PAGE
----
-Andre Thornton401.092.017.049.066.065.013.05206.01332.0253.0784.0890.0866.00.00.00.00.00.00.0
-Alan Trammell574.0159.021.0107.075.059.010.04631.01300.090.0702.0504.0488.0238.0445.022.00.00.00.0

## Best Subset Selection

### Best Subset Selection Functions

Now, let’s write a couple functions that will help us select the best subset of our features.

We will first write a function that allows us to input our set of features (X), the variable we want to predict (Y, or salary in this case), and define a specific size for our subset (subset_size). To do this, we will loop through all possible combinations of our features from X that are of size subset_size. In each iteration of our loop, we fit a linear regression model and calculate a mean squared error. We keep track of the best mean squared error through compariosn, which allows us to select the best subset in the end:

def findBestSubsetFixedSize(X, y, subset_size):
features_nmb = X.shape
best_subset = []
best_mse = -1
for idx_set in itertools.combinations(range(features_nmb), subset_size):
X_subset = X.iloc[:, list(idx_set)]
lin_reg = LinearRegression(fit_intercept=True, normalize=False)
lin_reg.fit(X_subset, y)
yhat = lin_reg.predict(X_subset)
mse_resid = mean_squared_error(y, yhat)
if best_mse < 0 or mse_resid < best_mse:
best_subset = list(idx_set)
best_mse = mse_resid
return([best_subset, best_mse])


We also want to write a function that simply allows us to set an upper limit on the size of the subset. To do this, we will write a loop that tests all possible values for our subset size and inputs them into the function we just wrote, findBestSubsetFixedSize():

def findBestSubset(X, y, max_subset_size):
best_subsets = [None] * max_subset_size
best_mses = [None] * max_subset_size
for subset_size in range(1, max_subset_size + 1):
best_subsets[subset_size-1], best_mses[subset_size-1] =\
findBestSubsetFixedSize(X, y, subset_size)

return([best_subsets, best_mses])


### Executing Best Subset Selection

We’ll now use this function to perform our subset selection. At the very end, we will produce some metrics that will help us evaluate our selections:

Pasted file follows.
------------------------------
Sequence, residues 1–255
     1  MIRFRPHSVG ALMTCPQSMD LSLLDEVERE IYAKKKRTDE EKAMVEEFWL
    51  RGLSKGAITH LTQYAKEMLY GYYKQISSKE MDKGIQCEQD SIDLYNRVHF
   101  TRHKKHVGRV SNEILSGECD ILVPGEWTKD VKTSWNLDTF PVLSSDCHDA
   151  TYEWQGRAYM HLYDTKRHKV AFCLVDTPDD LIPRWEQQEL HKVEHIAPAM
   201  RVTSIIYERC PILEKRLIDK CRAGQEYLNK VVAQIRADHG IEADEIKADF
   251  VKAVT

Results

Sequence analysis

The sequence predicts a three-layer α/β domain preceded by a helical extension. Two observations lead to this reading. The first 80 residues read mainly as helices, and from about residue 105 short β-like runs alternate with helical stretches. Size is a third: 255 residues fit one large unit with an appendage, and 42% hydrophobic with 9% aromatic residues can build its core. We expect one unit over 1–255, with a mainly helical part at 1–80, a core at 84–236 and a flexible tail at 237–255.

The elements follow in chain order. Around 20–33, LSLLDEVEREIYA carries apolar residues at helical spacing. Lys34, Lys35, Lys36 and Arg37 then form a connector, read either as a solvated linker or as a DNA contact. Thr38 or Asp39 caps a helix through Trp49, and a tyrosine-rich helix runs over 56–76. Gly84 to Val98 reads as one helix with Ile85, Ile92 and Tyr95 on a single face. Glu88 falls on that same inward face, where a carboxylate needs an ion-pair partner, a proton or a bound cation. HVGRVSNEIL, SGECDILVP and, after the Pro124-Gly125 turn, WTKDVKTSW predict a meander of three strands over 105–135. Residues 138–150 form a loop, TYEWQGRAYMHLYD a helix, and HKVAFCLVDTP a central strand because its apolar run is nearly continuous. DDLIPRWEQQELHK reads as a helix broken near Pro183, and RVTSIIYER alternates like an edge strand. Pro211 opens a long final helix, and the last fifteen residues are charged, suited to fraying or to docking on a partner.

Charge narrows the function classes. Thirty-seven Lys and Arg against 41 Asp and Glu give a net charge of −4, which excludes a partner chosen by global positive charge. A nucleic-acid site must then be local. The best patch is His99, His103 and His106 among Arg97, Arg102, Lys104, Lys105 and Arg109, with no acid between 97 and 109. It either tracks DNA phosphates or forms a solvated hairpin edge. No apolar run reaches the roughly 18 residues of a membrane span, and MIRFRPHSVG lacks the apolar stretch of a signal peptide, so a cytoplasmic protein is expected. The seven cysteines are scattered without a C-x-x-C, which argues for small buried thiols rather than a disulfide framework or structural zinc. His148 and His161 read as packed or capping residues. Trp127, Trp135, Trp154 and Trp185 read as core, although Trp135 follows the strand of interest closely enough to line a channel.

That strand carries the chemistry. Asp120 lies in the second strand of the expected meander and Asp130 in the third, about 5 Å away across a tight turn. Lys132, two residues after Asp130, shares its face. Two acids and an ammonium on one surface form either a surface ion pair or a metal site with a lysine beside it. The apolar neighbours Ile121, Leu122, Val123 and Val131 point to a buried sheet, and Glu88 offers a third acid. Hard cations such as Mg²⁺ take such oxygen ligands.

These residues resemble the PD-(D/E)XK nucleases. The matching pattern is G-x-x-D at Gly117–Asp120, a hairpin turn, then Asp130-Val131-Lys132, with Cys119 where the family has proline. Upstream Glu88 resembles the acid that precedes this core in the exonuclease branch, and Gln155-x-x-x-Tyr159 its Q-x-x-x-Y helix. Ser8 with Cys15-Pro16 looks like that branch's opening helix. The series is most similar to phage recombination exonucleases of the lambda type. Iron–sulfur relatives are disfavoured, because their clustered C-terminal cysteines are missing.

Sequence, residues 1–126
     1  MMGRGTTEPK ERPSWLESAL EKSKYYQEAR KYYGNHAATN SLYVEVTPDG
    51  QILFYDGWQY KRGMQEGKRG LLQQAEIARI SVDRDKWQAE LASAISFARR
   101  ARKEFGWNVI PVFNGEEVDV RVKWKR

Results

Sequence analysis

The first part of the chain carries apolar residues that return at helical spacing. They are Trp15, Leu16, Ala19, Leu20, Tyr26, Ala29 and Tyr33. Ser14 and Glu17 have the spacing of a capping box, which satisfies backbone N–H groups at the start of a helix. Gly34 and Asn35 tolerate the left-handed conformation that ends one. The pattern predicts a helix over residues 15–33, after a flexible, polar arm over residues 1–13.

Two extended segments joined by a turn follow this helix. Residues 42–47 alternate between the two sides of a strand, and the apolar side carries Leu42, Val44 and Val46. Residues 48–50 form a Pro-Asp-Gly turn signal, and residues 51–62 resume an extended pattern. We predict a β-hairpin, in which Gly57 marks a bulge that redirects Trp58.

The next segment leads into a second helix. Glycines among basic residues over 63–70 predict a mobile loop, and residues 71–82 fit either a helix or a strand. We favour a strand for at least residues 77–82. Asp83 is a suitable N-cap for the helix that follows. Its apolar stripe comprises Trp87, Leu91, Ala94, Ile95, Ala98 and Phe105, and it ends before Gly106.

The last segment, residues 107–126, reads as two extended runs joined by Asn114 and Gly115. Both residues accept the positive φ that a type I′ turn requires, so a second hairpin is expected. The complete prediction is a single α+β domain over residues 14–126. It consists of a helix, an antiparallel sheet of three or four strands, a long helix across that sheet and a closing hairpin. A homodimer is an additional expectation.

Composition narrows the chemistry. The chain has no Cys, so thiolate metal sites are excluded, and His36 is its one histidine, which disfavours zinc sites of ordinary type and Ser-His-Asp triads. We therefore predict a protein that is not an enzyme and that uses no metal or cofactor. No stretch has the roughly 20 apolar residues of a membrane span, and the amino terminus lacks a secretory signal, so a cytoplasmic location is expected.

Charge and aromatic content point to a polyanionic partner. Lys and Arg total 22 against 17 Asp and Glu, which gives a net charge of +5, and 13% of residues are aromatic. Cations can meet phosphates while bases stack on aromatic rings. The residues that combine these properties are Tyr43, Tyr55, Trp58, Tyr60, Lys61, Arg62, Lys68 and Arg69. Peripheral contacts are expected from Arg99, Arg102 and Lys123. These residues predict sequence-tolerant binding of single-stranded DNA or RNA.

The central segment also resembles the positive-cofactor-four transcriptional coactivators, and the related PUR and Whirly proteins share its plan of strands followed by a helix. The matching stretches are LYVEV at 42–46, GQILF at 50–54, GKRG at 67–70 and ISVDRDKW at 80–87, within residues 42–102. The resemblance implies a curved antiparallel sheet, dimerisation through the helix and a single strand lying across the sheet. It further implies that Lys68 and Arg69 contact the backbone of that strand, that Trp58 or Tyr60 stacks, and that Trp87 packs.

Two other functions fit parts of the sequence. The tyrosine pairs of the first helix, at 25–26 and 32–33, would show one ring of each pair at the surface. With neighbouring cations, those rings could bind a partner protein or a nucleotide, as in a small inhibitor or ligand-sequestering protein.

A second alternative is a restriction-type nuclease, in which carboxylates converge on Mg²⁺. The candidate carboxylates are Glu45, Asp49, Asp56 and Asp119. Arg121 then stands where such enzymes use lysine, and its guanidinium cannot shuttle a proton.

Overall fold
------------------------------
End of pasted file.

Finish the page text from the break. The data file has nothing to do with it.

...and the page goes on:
• adjr2s = Adjusted R-Squared
• bics = Bayesian information Criteria
• aics = Akaike’s Information Criteria
# Since the exhaustive search takes a really long time to complete,
# I recorded the result of this procedure
run_exhaustive_search = False
if run_exhaustive_search:
# This procedure takes really long time to complete!
best_subsets, best_mses = findBestSubset(X, y, 3)
else:
best_subsets = [,
[1, 11],
[1, 11, 13],
[1, 11, 13, 17],
[0, 1, 11, 13, 17],
[0, 1, 5, 11, 13, 17],
[1, 5, 7, 8, 9, 13, 17],
[0, 1, 5, 9, 10, 12, 13, 17],
[0, 1, 5, 7, 10, 11, 12, 13, 17],
[0, 1, 5, 7, 10, 11, 12, 13, 14, 17],
[0, 1, 5, 7, 10, 11, 12, 13, 14, 16, 17],
[0, 1, 3, 5, 7, 10, 11, 12, 13, 14, 16, 17],
[0, 1, 3, 5, 7, 10, 11, 12, 13, 14, 15, 16, 17],
[0, 1, 2, 3, 5, 7, 10, 11, 12, 13, 14, 15, 16, 17],
[0, 1, 2, 3, 5, 7, 8, 10, 11, 12, 13, 14, 15, 16, 17],
[0, 1, 2, 3, 4, 5, 7, 8, 10, 11, 12, 13, 14, 15, 16, 17],
[0, 1, 2, 3, 4, 5, 7, 8, 10, 11, 12, 13, 14, 15, 16, 17, 18],
[0, 1, 2, 3, 4, 5, 6, 7, 8, 10, 11, 12, 13, 14, 15, 16, 17, 18],
[0, 1, 2, 3, 4, 5, 6, 7, 8, 9, 10, 11, 12, 13, 14, 15, 16, 17, 18]]
best_mses = [137565.32036137575, 116526.84368963055, 111214.05648618752, 106353.04872933947,
103231.5567757093,   99600.39516195898,  98503.98289210549,  95577.68037627422,
94350.00527219362,  93157.42029558783,  92727.54772410596,  92521.79611890586,
92354.1742898915,   92200.22963038784,  92148.96332783563,  92088.88772977113,
92051.12835223945,  92022.19527998423,  92017.86901772919]

bics = [None] * len(best_subsets)
aics = [None] * len(best_subsets)
for idx_set in range(len(best_subsets)):
X_subset = X.iloc[:, best_subsets[idx_set]].values
result = sm.OLS(y, X_subset).fit()
bics[idx_set] = result.bic
aics[idx_set] = result.aic


### Plotting

As always, we want to create some plots so that we can better visaulize and understand what’s going on. To do this, we’ll first write a function that takes in our metrics:

def makePlotsForBestSubsets(adjr2s, bics, aics, mses):
markerSize = 8
titlesFontSize = 18